Wednesday, August 22, 2012

On the road again...



Clark Gable's 1935 Duesenberg
MODEL JN Convertible Coupe

Gable's love for this platinum blonde
(one of only four of the convertible model ever made) 
was rivaled only by his love for platinum blond actress Carol Lombard


Listed as one of the greatest film stars of all times by
The American Film Institute, Lombard was a smart, sassy and timelessly gorgeous

During a break in the filming of GONE WITH THE WIND, 
Lombard became Gables third wife in 1939 after a three year affair

The car's history was a significant factor in  fetching such a high bid
at the car auction in Pebble Beach

Clark Gable- always very mechanically inclined -
had the car modified with his own design additions- often tinkering on it himself.
He also had the car repainted from the original pale green to  the creamy luminescent platinum 

In 1942, Gable and Lombard embarked on an epic road trip in the Duesenberg...
from Encino, California 1,300 miles to Vancouver British Columbia. 

Did they overnight their first night at San Simeon- with friends William Randolph Hearst and Marion Davies ?  

We were not as fortunate- a motel in neighboring Cambria had to do...


Imagine Gable navigating the elegant 18 foot long convertible up the winding road from the beach to the top of the hill, Lombard at his side. 

Today tours begin with a 20 minute bus ride up that same road. 

Plan ahead and get a group of six together,  you can make special reservations for a private tour which makes it possible to visit without crowds and to linger in each space and really take in the amazing details. 

One way or another you must make tour reservations and plan to spend the entire day or you will be miss out.   

DO NOT MISS THE MOVIE about William Randolph Hearst's life at the end of the tour.

The Enchanted Hill
as Hearst called his creation, 
perched on the crest of the Santa Lucia mountains overlooking the Pacific ocean- 
Hearst had camped here as a child with his parents,  George and Pheobe Hearst

WR Hearst worked closely with California architect,  Julia Morgan to create
La Cuesta Encantada,  now known as Hearst Castle.  Built of re-enforced concrete
the many structures on the property were designed in Mission, Spanish Colonial and Moorish Revival styles .  

Dinner for just a few close friends...

The table set with Pheobe Hearst's Blue Willow china 
which was originally the set used for camping on the site
Ketchup and the mustard were status symbols 
as they were the very newest in packaged condiments

A souvenir postcard of William Randolph Hearst's study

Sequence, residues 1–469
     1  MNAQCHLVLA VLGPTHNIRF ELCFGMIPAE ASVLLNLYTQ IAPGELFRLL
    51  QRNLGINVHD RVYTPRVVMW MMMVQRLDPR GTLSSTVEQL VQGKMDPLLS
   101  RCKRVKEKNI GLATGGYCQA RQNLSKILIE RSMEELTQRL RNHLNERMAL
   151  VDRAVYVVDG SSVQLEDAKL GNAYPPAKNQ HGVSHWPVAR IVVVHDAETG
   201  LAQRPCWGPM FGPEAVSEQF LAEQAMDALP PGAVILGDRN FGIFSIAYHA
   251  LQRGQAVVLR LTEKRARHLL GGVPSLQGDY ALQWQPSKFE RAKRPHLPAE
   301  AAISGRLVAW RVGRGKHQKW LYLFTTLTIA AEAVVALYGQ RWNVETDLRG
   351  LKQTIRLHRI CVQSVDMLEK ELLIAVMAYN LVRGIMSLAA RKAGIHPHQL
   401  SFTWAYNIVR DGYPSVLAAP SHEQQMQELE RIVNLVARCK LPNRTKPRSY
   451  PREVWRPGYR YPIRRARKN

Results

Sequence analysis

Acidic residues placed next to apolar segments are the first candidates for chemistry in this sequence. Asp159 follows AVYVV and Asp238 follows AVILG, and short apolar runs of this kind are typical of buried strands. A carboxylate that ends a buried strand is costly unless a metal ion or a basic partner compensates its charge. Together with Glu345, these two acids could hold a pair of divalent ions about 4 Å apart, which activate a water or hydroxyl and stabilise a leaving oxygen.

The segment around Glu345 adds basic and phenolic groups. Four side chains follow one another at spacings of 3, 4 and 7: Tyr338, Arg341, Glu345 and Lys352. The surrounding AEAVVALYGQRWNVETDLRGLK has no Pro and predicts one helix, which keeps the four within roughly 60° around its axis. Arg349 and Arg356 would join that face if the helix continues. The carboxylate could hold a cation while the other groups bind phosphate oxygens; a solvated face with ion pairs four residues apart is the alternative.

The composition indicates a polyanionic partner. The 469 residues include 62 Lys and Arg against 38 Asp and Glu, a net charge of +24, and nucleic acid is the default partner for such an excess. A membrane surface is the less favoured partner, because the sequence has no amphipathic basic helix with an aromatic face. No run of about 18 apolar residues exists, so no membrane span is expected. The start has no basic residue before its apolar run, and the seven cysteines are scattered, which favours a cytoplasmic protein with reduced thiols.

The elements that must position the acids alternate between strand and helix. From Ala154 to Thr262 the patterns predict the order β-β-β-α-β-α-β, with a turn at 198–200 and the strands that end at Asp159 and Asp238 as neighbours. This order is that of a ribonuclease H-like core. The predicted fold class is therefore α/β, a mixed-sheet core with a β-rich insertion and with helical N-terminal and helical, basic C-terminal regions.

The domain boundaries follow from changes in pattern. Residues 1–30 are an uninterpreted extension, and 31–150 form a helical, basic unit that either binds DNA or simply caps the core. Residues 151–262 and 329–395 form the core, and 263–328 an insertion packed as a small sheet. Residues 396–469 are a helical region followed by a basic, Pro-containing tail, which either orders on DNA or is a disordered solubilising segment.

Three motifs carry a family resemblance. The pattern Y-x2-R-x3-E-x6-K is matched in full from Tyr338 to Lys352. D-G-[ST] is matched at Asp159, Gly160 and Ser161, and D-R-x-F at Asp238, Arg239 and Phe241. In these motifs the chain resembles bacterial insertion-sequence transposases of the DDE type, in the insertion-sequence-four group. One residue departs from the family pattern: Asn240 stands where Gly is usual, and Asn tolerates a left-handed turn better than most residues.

The indoor pool built beneath the tennis court 
despite Julia's warning that it would have 
constant ceiling leaks

Morgan worked on San Simeon  from 1919 to 1947

The first woman to graduate from the Ecole des Beaux Arts- Paris

In her lifetime Morgan designed 700 buildings.  Because of her then unusual knowledge of working with re-enforced concrete , she was hired to redesign the landmark Fairmont Hotel on Nob Hill which had been badly damaged in the 1906 earthquake.  It's sad to think that when Morgan died she was uncelebrated and overlooked because of the modernist trends that swept architecture in her later years. 

One of the guest houses surrounding San Simeon

Founded in 1797

I have to believe that Morgan paid a visit to the 
Mission San Miguel Arcangel, 
not very far from San Simeon.

You Should !!!

The original buildings, mostly burned down at the end of the 18th century 
but were rebuilt in 1806 as they stand today 

The interiors are original and the best preserved 
of all the California missions . 

The muted blues and terracottas are spectacular fading into
the oyster white of the old plaster.

On the road again.. 

Did Gable and Lombard also visit the mission 

or did they just whiz by on scenic Highway 1
past the little church at the foot of San Simeon 

"...seein' things that I may never see again" 

where Hearst's herd of zebras still roam freely
William Randolph Hearst had the world's largest private zoo
during the time he lived at San Simeon.  

Just south of Big Sur the  Lucia Lodge
perches high over the Pacific coastline.  
Make reservations -avoid dissapointment

Not everyone arrives in a Duesenberg

Lunch on the deck  of the Lucia Lodge

There's that ketchup again...
There is no substitute for the Porsche of ketchup

The Lone Cypress 
17 Mile Drive
Pebble Beach

The Salinas Valley north of Carmel famous for artichokes

The Golden Gate Bridge

Mr. Lyon signs copies of his book of  work -